What’s Left of Confucianism?... Thus, left Confucians favor institutional reform, arguing that the long-term stability and legitimacy of political institutions requires that they be founded on Chinese traditions. Jiang Qing advocates a tri-cameral legislature – a democratically elected People’s House representing the common people’s interests, a House of Exemplary Persons to secure the good of all those affected by government policies, including foreigners and minority groups, and a House of Cultural Continuity that would maintain China’s various religions and traditions ...
Saturday, 5 July 2008
Tuesday, 17 June 2008
But Nat, economics IS humane. As humane as any discipline could get. Some argue it is a soulful science. One even wrote a book with that title. What it could do is to have better public intellectuals to do some good PR job for some of the explanations and reasonings.
In the context of your post, I think a true economist (ie, not the talking heads on Bloomberg, or your local financial analysts) would be deeply misguided if 'efficiency' is regarded as an ultimate goal. In all reasonable considerations, efficiency is at most a proximate goal, with the ultimate goal being the wellbeing everyone. No one should really argue for efficiency just for efficiency sake. For eg, if you truly embrace and understand the purpose of central banks, the ultimate goal of all central bankers is to maintain and improve a sustainable level of living standard - inflation stability and economic growth are proximate objectives.
So when a clear headed economist argue that the fuel price increase is good, it is not because she is making a case of efficiency is more important than the rakyat. On the contrary, it is because the fuel increase is good for the rakyat ultimately. The problem is that the reason why this is good is so against intuition and conventional wisdom, that most economists making a non-apologetic case for it sound like bitches.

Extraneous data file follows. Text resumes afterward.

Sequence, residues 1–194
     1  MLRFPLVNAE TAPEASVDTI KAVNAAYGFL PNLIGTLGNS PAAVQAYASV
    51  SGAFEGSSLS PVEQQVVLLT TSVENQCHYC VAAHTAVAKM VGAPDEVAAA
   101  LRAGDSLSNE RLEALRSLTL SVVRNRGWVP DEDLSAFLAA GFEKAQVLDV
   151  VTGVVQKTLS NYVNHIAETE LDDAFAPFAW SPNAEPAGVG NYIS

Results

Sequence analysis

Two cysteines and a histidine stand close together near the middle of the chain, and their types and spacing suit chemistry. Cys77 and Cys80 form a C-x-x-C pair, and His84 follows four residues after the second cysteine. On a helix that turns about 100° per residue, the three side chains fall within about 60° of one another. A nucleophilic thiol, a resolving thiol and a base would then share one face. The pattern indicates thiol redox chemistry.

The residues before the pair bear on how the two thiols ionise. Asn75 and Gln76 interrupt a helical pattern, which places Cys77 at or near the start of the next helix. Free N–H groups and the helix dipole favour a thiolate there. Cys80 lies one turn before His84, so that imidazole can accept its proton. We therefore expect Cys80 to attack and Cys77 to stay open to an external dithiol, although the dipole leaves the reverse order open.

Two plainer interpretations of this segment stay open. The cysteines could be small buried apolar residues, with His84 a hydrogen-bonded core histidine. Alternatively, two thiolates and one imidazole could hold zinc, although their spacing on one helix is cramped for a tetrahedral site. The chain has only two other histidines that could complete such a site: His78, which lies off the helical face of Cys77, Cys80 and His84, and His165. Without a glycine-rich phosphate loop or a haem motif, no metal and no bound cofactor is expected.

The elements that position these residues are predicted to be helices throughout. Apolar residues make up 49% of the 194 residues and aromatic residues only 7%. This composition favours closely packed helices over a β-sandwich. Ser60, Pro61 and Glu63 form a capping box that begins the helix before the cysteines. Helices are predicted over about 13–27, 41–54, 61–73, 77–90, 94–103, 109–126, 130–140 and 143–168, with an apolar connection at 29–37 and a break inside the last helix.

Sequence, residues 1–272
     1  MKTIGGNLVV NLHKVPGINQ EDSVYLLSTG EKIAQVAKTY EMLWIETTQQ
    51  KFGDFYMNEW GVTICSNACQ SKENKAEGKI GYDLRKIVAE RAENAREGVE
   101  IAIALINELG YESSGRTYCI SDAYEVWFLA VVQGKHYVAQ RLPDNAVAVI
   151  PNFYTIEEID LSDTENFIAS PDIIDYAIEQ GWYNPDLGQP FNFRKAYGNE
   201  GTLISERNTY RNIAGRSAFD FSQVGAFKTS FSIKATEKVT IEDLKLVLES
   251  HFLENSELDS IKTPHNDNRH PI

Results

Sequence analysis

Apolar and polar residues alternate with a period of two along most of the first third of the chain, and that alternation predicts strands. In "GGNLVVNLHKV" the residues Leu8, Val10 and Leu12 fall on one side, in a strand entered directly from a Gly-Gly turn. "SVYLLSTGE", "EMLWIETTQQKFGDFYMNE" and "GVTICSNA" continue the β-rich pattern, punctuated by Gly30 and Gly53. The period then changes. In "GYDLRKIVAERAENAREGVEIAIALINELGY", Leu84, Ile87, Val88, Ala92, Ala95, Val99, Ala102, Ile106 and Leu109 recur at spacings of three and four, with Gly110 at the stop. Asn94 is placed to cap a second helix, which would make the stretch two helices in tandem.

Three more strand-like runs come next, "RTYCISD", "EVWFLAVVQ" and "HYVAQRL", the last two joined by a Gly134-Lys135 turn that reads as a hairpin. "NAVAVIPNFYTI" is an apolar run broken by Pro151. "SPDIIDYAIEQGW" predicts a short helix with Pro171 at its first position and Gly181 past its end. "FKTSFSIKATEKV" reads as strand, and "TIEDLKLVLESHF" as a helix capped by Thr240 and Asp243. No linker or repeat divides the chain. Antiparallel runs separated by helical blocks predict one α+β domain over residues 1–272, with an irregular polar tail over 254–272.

And now moving on to be even more specific, I disagree with phased increase in fuel price. If we agree that removal of fuel subsidy is inevitable, and that the main problem with removal of subsidy is hardship for the people due to inflation, then phased increase in price will ultimately hurt the people more, not less. And no, it is not hoarding and the sorts, but through the main determinant of inflation - inflation expectation. A one time increase limits the expectation of future inflation, but a staggered increase embeds the expectation. A phased increase in fuel price will most probably lead to much higher overall inflation than a one time increase. And when that happens, the hardship of the rakyat will be greater, not less. One can take a corollary of this argument in central banks raising interest rates, either one time or in a staggered manner. If the central bank is worried about inflation expectation (as compared to being worried about a financial market meltdown), you would expect it to raise rates over a period of time, multiple times in a staggered manner. This embeds expectation. In the reverse, if you do not want to embed expectation as in the case of raising fuel price, you should want to do it in one go. I am doing a bad job in explaning this, but Paul Krugman wrote briefly on this matter not so long ago - google "Krugman + embedded inflation".
This doesn't mean we should ignore those who are badly hit by this one time increase. It is just that there would be more badly hit people if it is phased. One way to alleviate the hardship of the poor is to have direct transfer to them, and the road-tax rebate does this. It is imperfect yes; no tool is perfect, but it is important that it reaches the intended target most of the time (for eg, a blanket fuel subsidy for everyone is NOT a good tool to help the poor). Yes, you can argue that it is unfair that some Beemer and Merc owners get the rebate too, but how many of these cases are there anyway, compared to the rest of the population? 5% to 95%?
But of course, more could be done. Income-based, mean tested transfer perhaps. If the Government is wise, this should be in the planning process for the next Budget.
Man, I post the longest comments on your blog, haha.
Noticed the alliterating title?
Thursday, 5 June 2008
Malaysians need to accept the reality of this and regard this as a positive change, for the nation and for all of us - we have been dulled by protectionism for far too long. And I hope Malaysians will accept this change graciously, as responsible citizens.
But make no mistake; now that the citizens are expected to be responsible, there will be very little tolerance for irresponsibilities from the Government. Tit for tat. More display of public wastage, and you can expect Malaysians to be more brutal than 8 March.